Sac State appoints new dean of college of engineering and computer sciences

Matthew Malone

The recently appointed Sacramento State Dean of the College of Engineering and Computer Science makes no secret of his goal to improve people’s lives.

For Lorenzo Smith, 46, engineering and computer science are not just about a promise of good pay and a solid job – they fulfill a basic human desire to help others.

“That’s what really makes us feel good,” Smith said.

After a month at his new position, Smith is still moving into his Riverside Hall office. The bookcases are bare, and on the wall is a signature-covered board; a welcome gift for the new dean.

Provost Frederika Harmsen said in an email that Smith has begun to engage his college in a strategic planning initiative and has also formed relationships with the outside community.

“I see in Dean Smith an optimist,” Harmsen said. “Optimism is one of the greatest resources for making visions and dreams into realities.”

Smith has deep roots in education and engineering. He previously worked as the associate dean of the College of Engineering and Computer Science at Oakland University in Rochester, Mich.

Smith said his father, the grandson of a slave, worked his way up in an openly racist society and graduated with a civil engineering degree from Seattle University. He then worked with the Army Corps of Engineers.

Smith gives his father credit for encouraging him to strive for academic excellence.

“My father was just a bulldog when it came to making sure that I took the right classes,” Smith said. “And not just the easy classes in high school but the tough classes, making sure that I was prepared for college.”

His mother, an Italian immigrant, worked as a teacher in Italy and continued to teach after coming to the United States. She earned a master’s degree in comparative Spanish literature and speaks seven languages.

It was she, he said, who instilled in him an “appreciation for knowledge and learning.”

With his father pushing him to succeed and his mother helping with homework and showing him the value of education, Smith said they prepared his siblings and him very well.

When Smith’s mixed-race family could not get the home they wanted in the city of Rock Island, Ill., they moved to the country town of Viola, Ill.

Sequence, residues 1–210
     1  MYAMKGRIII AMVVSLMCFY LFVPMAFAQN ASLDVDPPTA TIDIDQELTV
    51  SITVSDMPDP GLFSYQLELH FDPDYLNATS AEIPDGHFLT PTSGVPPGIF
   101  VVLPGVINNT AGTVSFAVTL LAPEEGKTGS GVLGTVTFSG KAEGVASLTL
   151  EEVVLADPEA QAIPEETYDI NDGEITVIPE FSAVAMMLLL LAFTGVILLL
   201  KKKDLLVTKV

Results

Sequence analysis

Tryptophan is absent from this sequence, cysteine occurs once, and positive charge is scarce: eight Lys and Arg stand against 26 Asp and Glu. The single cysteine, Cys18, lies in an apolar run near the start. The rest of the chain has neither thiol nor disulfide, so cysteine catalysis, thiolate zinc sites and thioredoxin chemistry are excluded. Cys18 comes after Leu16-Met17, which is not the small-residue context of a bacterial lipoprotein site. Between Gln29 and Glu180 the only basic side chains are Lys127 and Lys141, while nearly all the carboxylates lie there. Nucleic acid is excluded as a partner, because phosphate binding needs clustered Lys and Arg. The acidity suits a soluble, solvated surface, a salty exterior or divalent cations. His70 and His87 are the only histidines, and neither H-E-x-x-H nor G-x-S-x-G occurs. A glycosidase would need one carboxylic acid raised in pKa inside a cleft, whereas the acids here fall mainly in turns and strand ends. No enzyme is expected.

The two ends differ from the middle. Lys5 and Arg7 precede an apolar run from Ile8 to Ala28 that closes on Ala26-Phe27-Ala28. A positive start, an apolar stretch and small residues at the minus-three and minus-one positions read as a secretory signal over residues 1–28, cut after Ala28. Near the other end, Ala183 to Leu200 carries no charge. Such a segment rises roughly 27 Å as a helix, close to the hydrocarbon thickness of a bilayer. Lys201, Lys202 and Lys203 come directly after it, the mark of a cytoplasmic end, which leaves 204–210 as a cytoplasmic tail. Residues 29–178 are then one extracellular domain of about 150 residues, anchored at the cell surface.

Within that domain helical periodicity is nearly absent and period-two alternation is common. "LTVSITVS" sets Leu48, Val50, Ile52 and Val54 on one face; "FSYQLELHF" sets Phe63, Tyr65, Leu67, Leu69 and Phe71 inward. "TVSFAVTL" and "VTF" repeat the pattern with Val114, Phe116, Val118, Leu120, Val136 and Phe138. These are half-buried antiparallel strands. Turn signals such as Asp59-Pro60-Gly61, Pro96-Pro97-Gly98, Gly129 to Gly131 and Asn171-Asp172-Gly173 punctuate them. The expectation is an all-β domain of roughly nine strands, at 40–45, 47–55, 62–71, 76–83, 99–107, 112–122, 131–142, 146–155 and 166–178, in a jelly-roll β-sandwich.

After high school, Smith earned his bachelor’s degree in mechanical engineering from the University of Illinois at Urbana-Champaign and his master’s degree in mechanical engineering from Wayne State University. He then earned his doctorate in engineering mechanics from Michigan State University.

When he saw a professor teaching a large physics class at the University of Illinois, he realized he wanted to teach rather than become an industry engineer.

He worked for four years at General Motors where he assessed car designs and reconciled the ideas of the designers with the limits of sheet metal. Smith said his time with GM made him a better professor.

“I was able to bring a wealth of insight into the classroom because of my experience in industry,” Smith said.

He identified service to the student body as an area to concentrate on in the College of Engineering and Computer Science.

“I’m trying to focus very hard on trying to find ways to improve how we serve the students,” he said.

At Oakland University, he helped create and maintain a program called CLIC-form, a series of internships and other learning opportunities that “allowed students at a very early age – freshman and sophomore – to get connected to industry, directly with industry professionals,” according to Smith.

He said he wanted to develop similar internship programs at Sac State.

Smith doesn’t just see industry and job opportunities when he looks at his field.

“If you really like to help people,” he said, “That’s what engineering, computer science and construction management is all about.”